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Guest speaker shares experiences in internment camp

MEMORABLE MIHARA: Speaking to South students, Sam Mihara, a first-generation American with Japanese ancestry, informs others about his experiences in a World Warr II Japanese internment camp. Mihara visited South on Sept. 13 for this special address. Photo courtesy of Tara Thorne

MEMORABLE MIHARA: Speaking to South students, Sam Mihara, a first-generation American with Japanese ancestry, informs others about his experiences in a World Warr II Japanese internment camp. Mihara visited South on Sept. 13 for this special address. Photo courtesy of Tara Thorne

Isabella Albrecht, staff reporter

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Sam Mihara, a first-generation American with Japanese ancestry who was in an internment camp during WWII, came to speak to the GBS U.S. History classes on Sept. 13.

Mihara was born in San Francisco in the early 1930’s and was raised by his parents, who had immigrated to the United States from Japan in the 1920’s. At the start of WWII, Mihara and his family were transferred to a detention camp in Pomona, CA, and later to a prison camp in Northern Wyoming, where they remained for three years, according to sammihara.com. Daniel Rhoades, social studies teacher, described Mihara’s presentation as a blend of history and current events.

“Mihara did a really nice job of talking us through his own experiences of the Japanese internment during WWII and also making some connections to what he sees as major issues facing us in terms of civil liberties today,” Rhoades said. “I really enjoyed the way he drew parallels from his childhood experiences all the way through to the present, the most poignant of which was how he met his wife.”

Stacy Flannery, social studies teacher, also thought the story of how Mihara met his wife was a powerful element of the presentation.

“He used some photos that [depression-era American photographer] Dorothea Lange had taken and one of the photos, a very famous photo, was a young girl with her hand on her chest saying the pledge of allegiance,” Flannery said. “He used these photos in the beginning of his presentation, and at the end of the presentation, we found out that [the girl] is his wife. It was one of those cool moments to see that these people who make up iconic images in history have real lives.”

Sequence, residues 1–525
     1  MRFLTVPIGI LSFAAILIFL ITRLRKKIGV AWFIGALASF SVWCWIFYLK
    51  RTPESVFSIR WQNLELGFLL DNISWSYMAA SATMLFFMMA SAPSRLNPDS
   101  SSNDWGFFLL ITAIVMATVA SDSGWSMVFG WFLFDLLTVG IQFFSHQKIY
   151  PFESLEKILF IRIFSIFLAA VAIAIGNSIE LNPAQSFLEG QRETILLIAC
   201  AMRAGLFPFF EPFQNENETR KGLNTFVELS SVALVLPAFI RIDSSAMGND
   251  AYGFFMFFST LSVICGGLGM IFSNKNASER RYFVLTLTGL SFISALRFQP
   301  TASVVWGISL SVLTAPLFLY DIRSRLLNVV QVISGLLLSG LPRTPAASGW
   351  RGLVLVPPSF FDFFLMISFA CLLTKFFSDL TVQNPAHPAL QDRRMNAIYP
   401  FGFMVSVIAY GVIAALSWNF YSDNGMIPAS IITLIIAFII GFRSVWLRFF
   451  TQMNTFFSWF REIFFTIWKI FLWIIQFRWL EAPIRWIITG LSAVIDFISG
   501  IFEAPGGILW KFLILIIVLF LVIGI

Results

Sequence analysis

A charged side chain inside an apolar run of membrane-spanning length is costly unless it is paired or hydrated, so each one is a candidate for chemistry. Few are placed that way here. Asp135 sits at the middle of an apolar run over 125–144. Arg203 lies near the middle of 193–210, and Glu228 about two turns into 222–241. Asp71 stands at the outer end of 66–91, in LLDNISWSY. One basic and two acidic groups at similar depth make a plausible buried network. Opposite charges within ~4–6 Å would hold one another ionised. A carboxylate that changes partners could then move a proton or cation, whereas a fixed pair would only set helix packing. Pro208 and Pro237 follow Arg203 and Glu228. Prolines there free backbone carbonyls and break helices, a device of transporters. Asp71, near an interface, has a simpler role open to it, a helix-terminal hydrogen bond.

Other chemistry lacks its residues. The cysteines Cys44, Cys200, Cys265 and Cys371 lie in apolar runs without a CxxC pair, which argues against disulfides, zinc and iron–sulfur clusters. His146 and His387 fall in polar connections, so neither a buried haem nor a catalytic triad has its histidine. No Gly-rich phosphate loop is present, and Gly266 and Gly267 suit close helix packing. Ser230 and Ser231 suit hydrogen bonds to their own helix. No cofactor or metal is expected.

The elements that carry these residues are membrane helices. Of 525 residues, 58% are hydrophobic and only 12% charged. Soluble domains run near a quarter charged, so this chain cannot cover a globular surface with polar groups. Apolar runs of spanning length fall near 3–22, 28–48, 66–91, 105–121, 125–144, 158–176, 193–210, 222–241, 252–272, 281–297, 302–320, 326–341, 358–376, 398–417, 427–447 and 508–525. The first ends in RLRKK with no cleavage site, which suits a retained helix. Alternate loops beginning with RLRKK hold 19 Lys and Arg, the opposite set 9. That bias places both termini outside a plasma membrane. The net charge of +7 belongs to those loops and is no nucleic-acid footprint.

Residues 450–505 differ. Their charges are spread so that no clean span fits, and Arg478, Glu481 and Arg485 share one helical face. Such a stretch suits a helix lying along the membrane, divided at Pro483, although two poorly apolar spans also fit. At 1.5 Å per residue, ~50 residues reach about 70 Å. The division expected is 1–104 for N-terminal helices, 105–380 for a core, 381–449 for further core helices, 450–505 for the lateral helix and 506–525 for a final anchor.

According to junior Delaney Gallagher, Mihara spent time discussing the harsh conditions he was exposed to at the internment camp.

“He talked about how his whole family lived in [about] 20 square feet,” Gallagher said.

Junior Trinity Nelson elaborated on these conditions, focusing on the food at the camp.

“They were given food that was unfamiliar to them like bread and different vegetables,” Nelson said. “[Mihara] said this was hard to adjust to because he was used to eating fish and rice.”

According to sammihara.com, Mihara attended Lick Wilmerding High School after his release from the internment camp and then graduated from University of California, Berkeley, and University of California, Los Angeles, with engineering degrees. Nelson said that Mihara also spent a lot of time describing these post war experiences.

“He discussed how hard he and his friends had to work because […] there was still racism after [WWII],” Nelson said. “People’s thoughts are not going to change […but Mihara] focused on his education and I think that is what […] got him to where he is today as a successful engineer.”

Rhoades explained that although the U.S. history classes do not learn about World War II until later in the year, the presentation applies to the year-long themes that the course focuses on.

“[We] spend a lot of time talking about civil liberties, constitutional freedoms and moments in the past […and] when those have been diminished or denied based on someone’s gender, their ethnicity, their race, [or] their socio-economic status,” Rhoades said. “Mihara’s examples and his story fit into those narratives really well.”

According to Gallagher, it is important to study events where civil liberties were violated to understand the importance of human rights.

“We can’t put security over the rights of other people,” Gallagher said. “Another [event] like the Japanese internment camps will happen if we don’t actually care about those around us.”

Mihara elaborated on this idea that although the goal of the U.S. Constitution is to protect people from injustice, it does not always work.

“The Constitution guarantees that we have liberty, [but] we were not protected by the Supreme Court,” Mihara said. “Therefore, if it happened before, it could happen again to anyone— including you, your relatives, your friends and, especially, your children.”

According to Flannery, one of the most compelling elements of the presentation was Mihara’s success story after the war.

“It was such a powerful story of talent that could have been wasted or sent out of the country if [the Japanese-Americans] had been deported or we had not figured out eventually that this was not American and the wrong thing to do to these people,” Flannery said. “The contributions that some of [them] went on to make after these camps were closed is a powerful testimony to the value of diversity to our society. […] When we take people’s humanity away, we might be taking away really important contributions to our society.”

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Guest speaker shares experiences in internment camp